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Body-swap Comedy The Change-Up Disappoints, Even Revolts

Posted on the 13 September 2011 by Periscope @periscopepost

Body-swap comedy The Change-Up disappoints, even revolts

Actor Ryan Reynolds. Photo credit: CMJCool

Assume for a moment your best buddy’s a layabout actor (Ryan Reynolds) with a much-scratched itch for sex and partying; you, on the other hand, (Jason Bateman) are stuck at home with a wife and two kids. What to bleeding do? Director David Dobkin’s body-swap comedy The Change-Up has the answer; get drunk, discover that your partying compadre secretly hankers after your own knuckled-down lifestyle, urinate in a magic fountain together, and wake-up – transmogrified by a quick rub on Hollywood’s favourite chestnut – living in his skin. And with his penis hanging between your legs! Yes, it’s Freaky Friday with dick gags. Why, asked many critics, can’t the switcheroo plot-device be brilliantly swapped with actual original scriptwriting?

Conceived of by the duo behind The Hangover and directed by The Wedding Crashers director Dobkin, The Change-Up comes from comedy pedigree. The critics felt the fusing of Judd Apatow-esque frat-boy humour with more innocent japes of films like Big was mildly original and entertaining. Almost all critics gagged at the early scene that sees Bateman’s baby-son projectile pooing into his father’s mouth. From then on, opinions ranged from mildly diverted to seriously offended.

  • Where’s the invention? Mary Pols wasn’t sweating too much over the details of the plot in Time, and found some it funny: “It’s the reactions that matter, like Mitch/Dave’s disgust when he wakes up to the sight of Jamie [Leslie Mann] breastfeeding in bed.” However, she yawned at the inevitable affirmation of dutiful family values. More and nastier things should be made out of the swap. As it is, all we get, both conceptually and literally, is titillation: plenty of tits but god forbid the sight of a swinging dick. “If a filmmaker really wanted to radicalize the body-swap movie, one swapper would end up in a mental ward while the other spent all his money and slept with his wife.” Hoo-rah.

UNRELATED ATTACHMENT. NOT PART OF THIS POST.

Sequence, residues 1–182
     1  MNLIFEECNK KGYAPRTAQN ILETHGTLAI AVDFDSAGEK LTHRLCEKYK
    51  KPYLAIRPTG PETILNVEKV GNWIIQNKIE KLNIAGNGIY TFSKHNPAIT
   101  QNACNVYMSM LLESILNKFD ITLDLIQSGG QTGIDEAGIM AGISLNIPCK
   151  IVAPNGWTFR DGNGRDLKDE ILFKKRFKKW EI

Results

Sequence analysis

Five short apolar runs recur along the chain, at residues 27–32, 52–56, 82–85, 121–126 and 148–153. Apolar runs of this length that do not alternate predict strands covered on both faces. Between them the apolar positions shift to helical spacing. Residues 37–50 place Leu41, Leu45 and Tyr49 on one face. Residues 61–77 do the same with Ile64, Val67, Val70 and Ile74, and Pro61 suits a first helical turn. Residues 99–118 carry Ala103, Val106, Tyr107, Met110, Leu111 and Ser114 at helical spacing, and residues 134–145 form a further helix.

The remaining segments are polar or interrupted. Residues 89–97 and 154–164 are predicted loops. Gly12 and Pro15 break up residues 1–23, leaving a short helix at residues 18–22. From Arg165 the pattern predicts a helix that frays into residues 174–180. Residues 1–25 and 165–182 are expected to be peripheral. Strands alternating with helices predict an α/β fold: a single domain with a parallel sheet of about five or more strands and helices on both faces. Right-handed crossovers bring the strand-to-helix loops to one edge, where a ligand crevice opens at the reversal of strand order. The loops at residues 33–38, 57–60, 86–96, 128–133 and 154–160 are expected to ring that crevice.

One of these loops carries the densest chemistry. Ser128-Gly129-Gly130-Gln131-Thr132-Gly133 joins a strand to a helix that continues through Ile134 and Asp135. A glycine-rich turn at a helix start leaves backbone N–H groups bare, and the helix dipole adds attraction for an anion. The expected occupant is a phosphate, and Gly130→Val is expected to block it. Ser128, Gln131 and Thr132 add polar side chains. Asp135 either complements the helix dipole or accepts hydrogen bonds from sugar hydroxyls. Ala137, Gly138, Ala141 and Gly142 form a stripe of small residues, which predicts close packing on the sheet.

• Obscene, foulmouthed, scatological, creepy and perverted stuff.It can only be speculated how Roger Ebert managed to review the film while so vigorously shaking his head in The Chicago Sun-Times. He spluttered: “It has a low opinion of men, a lower opinion of women, and the lowest opinion of the intelligence of its audience. It is obscene, foulmouthed, scatological, creepy and perverted.” Out of all the depraved set-pieces on show, it is the “public pissing” that draws his especial condemnation. One also has to spend plenty of the movie “reminding ourselves which of these two pleasant thirty-somethings is which.”
  • Livewire stars. Peter Travers of Rolling Stone admired the pair of “livewires” the film has as its leads. After the switch, close encounters of the kinky kind and wardrobe makeovers are a chance for Bateman and Reynolds to “break out of their respective boxes.” Reynolds doesn’t quite make a convincing slob (an older Seth Rogen or younger Bill Murray would have been better cast) but nevertheless “the movie would be literally nothing” without its stars.

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